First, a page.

SA could host a Formula 1 Grand Prix ‘as soon as 2022’
It is claimed that SA could host a Formula One race as soon as 2022, bringing the country back into the Grand Prix fold for the first time in nearly three decades. SA last hosted an F1 race at Johannesburg’s Kyalami circuit in 1993.
Local fans of the sport have become cynical of such announcements after a number of initiatives to return the country to the calendar have failed mainly due to the high cost of the hosting fees. But Warren Scheckter, founder and CEO of South African GP (SAGP), believes an F1 race at Kyalami could be imminent with combined corporate and taxpayer sponsorship.
Scheckter, who is the son of former F1 driver Ian Scheckter and nephew of SA’s 1979 F1 world champion Jody Scheckter, established SAGP in 2015 with the intent of bringing F1 events back to SA.
With a background as a commercial director for racing teams overseas, he has been working for the past four years to make a South African Grand Prix a reality with the assistance of UK-based Jody, who is President of SAGP, and local businessmen Jabu Mabuza and Keith Doig, who are respectively chairman and executive director.
Funding a local F1 race has always been a sticking point, with the hosting fee demanded by organisers proving too expensive to attract corporate sponsorship and government unwilling to support what was seen as a “white elitist” sport.
But Scheckter told Motor News he is close to securing the necessary sponsorship from private and government sources.
“This is not just a sporting event but an economic driver for the country,” he told Motor News. “The tax revenues generated from Grand Prix events alone far outweigh the costs."
It’s a message he has been pitching to government, particularly the tourism income and job creation opportunities such an event could bring, and he says the venture has received positive support.
As for the “elitist” tag, Scheckter says an SA Grand Prix would be affordable to spectators with ticket prices expected to start from about R200 for the Friday practice session.
“The desire and the buy in for a South African Grand Prix is there, although there are many details to work out because of so many stakeholders,” he said.
Scheckter would not quote the hosting fee but said it would be less than the $31m (R509m) usually demanded by F1’s organisers. He said that the sport’s new promoters, Liberty Media, were keen to bring F1 back to Africa and “were working with us to make it more cost effective”.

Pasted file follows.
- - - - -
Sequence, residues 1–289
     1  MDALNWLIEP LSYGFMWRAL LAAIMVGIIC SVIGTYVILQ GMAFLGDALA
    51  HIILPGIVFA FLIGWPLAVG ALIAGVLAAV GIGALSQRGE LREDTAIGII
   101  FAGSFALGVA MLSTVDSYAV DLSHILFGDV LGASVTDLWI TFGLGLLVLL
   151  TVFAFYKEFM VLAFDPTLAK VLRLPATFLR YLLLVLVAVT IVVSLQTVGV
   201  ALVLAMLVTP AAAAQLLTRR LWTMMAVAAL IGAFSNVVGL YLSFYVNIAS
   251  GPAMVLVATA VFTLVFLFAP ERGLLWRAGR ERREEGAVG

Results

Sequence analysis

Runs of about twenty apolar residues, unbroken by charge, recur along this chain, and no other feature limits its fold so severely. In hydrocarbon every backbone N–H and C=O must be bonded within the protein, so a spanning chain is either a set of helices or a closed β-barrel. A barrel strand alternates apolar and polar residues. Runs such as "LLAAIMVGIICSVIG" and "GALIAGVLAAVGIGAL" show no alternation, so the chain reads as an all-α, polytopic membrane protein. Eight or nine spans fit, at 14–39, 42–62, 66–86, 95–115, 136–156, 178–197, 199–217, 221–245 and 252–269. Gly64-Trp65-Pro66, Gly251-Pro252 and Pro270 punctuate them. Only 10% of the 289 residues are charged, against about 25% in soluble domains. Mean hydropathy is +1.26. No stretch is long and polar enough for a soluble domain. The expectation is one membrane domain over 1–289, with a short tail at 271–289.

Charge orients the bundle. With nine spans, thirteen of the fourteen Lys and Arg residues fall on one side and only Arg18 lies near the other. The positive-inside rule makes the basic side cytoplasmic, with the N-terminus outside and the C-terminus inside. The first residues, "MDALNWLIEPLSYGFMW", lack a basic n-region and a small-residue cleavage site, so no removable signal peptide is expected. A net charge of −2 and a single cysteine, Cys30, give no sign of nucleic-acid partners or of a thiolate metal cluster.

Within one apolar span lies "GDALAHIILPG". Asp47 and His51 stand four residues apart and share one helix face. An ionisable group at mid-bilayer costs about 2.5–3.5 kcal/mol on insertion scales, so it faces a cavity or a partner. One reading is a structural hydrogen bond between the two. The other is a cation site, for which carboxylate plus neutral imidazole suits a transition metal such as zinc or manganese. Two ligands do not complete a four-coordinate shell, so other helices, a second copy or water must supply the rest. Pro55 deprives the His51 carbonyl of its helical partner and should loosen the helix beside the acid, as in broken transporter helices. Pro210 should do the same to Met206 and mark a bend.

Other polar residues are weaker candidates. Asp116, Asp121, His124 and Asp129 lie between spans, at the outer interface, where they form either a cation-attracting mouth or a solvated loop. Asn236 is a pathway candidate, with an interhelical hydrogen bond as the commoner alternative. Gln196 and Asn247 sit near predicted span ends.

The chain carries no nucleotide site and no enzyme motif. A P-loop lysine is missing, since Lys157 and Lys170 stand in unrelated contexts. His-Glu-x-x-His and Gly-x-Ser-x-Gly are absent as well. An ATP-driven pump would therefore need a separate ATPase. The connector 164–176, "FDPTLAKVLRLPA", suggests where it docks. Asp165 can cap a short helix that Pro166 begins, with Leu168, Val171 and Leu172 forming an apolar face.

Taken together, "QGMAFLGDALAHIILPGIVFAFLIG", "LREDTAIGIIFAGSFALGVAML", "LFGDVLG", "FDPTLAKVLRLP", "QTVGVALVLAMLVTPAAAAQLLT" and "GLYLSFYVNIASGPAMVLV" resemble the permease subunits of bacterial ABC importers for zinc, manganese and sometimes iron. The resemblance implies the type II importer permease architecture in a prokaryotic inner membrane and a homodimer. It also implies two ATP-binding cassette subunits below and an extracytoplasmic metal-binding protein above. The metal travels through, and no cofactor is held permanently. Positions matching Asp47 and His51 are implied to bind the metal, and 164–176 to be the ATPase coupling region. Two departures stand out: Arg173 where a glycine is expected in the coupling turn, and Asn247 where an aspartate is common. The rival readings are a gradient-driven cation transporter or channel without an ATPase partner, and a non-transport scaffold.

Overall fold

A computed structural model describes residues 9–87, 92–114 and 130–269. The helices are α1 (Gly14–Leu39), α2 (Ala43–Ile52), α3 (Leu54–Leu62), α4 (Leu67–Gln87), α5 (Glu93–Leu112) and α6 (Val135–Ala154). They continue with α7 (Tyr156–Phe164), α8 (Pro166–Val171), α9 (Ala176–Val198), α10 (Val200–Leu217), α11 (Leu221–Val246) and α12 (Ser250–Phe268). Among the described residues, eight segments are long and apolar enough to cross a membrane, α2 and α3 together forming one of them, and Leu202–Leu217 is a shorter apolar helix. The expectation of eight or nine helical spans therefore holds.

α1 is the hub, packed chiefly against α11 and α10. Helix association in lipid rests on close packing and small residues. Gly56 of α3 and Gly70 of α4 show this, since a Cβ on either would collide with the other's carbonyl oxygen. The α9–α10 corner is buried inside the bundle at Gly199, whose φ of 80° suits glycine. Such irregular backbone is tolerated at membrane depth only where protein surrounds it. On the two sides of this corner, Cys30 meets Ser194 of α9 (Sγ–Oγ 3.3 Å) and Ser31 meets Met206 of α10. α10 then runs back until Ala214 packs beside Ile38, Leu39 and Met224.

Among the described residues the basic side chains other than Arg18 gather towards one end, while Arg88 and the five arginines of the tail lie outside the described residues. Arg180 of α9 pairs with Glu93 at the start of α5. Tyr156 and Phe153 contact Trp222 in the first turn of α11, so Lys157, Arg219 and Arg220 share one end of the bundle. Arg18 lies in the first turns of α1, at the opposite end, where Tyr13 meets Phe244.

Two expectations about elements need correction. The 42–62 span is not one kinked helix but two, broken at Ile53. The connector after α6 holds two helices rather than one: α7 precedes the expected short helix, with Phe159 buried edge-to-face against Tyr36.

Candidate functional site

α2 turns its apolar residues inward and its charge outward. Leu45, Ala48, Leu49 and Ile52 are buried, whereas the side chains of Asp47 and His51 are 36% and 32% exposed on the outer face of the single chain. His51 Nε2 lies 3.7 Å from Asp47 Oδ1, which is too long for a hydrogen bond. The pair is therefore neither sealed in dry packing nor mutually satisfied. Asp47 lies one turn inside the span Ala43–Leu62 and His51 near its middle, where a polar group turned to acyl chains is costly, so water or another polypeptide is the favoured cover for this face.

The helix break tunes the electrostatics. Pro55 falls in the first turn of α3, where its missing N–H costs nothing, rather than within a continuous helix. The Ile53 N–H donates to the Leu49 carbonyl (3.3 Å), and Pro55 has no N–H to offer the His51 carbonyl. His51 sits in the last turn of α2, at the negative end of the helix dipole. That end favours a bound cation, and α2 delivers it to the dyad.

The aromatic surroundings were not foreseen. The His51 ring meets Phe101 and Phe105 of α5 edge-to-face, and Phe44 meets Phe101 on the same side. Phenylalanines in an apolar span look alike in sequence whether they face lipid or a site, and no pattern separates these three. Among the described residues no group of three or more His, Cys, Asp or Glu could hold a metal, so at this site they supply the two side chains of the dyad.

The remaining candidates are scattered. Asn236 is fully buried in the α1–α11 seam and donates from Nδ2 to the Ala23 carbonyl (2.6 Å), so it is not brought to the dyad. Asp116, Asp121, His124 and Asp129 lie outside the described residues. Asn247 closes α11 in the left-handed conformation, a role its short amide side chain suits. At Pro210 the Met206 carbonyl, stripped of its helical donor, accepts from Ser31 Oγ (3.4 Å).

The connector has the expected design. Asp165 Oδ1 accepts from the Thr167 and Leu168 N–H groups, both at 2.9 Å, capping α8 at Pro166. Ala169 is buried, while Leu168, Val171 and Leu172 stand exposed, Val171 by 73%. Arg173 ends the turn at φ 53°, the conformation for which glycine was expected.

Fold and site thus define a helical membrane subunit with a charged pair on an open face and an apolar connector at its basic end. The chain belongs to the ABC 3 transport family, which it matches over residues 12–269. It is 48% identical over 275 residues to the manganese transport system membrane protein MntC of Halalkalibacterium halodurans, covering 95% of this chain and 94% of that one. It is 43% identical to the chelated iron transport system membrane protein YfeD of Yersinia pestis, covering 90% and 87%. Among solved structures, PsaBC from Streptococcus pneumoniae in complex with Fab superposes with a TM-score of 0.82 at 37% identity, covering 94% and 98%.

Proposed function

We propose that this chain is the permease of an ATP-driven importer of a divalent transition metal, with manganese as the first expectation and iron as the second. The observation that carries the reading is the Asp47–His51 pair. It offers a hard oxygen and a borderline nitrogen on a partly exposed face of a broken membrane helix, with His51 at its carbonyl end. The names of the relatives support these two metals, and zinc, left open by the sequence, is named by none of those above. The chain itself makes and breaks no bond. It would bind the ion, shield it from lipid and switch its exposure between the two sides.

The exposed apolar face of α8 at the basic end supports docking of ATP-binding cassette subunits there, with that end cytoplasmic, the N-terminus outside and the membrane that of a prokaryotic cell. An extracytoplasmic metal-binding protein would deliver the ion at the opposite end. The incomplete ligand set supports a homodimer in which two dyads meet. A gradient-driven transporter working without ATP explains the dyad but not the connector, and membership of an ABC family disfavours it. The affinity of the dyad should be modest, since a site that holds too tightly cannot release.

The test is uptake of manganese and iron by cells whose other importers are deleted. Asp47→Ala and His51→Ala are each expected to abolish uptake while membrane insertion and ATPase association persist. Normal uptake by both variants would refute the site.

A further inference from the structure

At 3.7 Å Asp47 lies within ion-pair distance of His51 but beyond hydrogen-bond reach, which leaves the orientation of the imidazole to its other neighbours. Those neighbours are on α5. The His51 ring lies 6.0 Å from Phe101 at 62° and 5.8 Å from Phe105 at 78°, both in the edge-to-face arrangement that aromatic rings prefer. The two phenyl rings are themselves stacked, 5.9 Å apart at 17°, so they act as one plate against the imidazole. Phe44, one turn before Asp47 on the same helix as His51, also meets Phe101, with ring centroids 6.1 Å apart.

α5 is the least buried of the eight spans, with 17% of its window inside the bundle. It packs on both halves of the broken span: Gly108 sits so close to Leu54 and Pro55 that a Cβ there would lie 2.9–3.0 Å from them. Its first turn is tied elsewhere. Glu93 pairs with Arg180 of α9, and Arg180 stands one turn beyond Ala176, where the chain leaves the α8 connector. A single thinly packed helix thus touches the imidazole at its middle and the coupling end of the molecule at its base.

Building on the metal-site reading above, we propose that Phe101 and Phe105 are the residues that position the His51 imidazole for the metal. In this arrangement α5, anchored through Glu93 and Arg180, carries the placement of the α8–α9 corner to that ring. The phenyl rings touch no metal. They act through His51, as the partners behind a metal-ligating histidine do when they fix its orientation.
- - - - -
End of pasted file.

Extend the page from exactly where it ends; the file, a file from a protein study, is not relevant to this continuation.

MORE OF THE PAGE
In May 2019, F1’s commercial MD Sean Bratches announced that the sport wanted to go back to Africa and named Johannesburg and the Moroccan city of Marrakesh as possible host venues.
“We race on five continents now and the last habitable continent we don’t race in is Africa,” he said at the time. “We’ve been having very productive conversations in SA and, to a lesser extent, in Morocco about bringing a grand prix … we’re on it. It’s really important to us.”
Morocco and SA have hosted world championship grands prix in the past, Casablanca in 1958 and SA in East London in the 1960s and Kyalami 20 times between 1967 and 1993.
Scheckter believes SA is the frontrunner for a Grand Prix on the continent due to its long F1 history and its experience in hosting major events like the football and rugby world cup tournaments.
Kyalami is the most suitable venue after being purchased by new owners in 2014 and extensively revamped, though the circuit requires some additional investment to bring it up to F1-level grading.
Scheckter is confident that this won’t be another stillborn attempt get the country back on the Formula One calendar, and is hoping to confirm a date for an SA Grand Prix within the next year.
* Formula 1 has announced that due to the ongoing global situation regarding Covid-19 the Heineken F1 Joburg Festival due to take place on March 29 has been postponed to protect the safety of fans and participants attending the event.
A decision on a rescheduling will be made at the right time from a public safety perspective, it said.
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